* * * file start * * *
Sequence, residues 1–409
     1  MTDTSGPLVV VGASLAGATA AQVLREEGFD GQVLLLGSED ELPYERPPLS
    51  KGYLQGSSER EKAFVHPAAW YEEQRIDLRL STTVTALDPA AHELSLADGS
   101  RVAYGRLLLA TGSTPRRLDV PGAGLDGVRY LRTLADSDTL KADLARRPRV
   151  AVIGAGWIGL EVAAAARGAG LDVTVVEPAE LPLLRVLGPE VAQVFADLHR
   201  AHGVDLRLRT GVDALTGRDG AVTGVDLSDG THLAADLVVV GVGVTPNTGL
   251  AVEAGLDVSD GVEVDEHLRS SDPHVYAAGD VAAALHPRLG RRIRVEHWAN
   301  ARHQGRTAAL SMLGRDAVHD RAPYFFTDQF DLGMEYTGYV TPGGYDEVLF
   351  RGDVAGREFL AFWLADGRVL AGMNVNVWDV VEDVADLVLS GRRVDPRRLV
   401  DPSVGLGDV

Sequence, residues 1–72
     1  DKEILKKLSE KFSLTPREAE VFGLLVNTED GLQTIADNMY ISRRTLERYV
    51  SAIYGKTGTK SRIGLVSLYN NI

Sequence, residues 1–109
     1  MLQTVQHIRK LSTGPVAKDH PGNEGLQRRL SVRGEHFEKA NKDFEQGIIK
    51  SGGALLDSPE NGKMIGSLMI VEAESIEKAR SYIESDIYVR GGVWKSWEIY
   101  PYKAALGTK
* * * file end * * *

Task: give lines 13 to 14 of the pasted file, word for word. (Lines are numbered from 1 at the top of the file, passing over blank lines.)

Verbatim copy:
    51  SAIYGKTGTK SRIGLVSLYN NI

Sequence, residues 1–109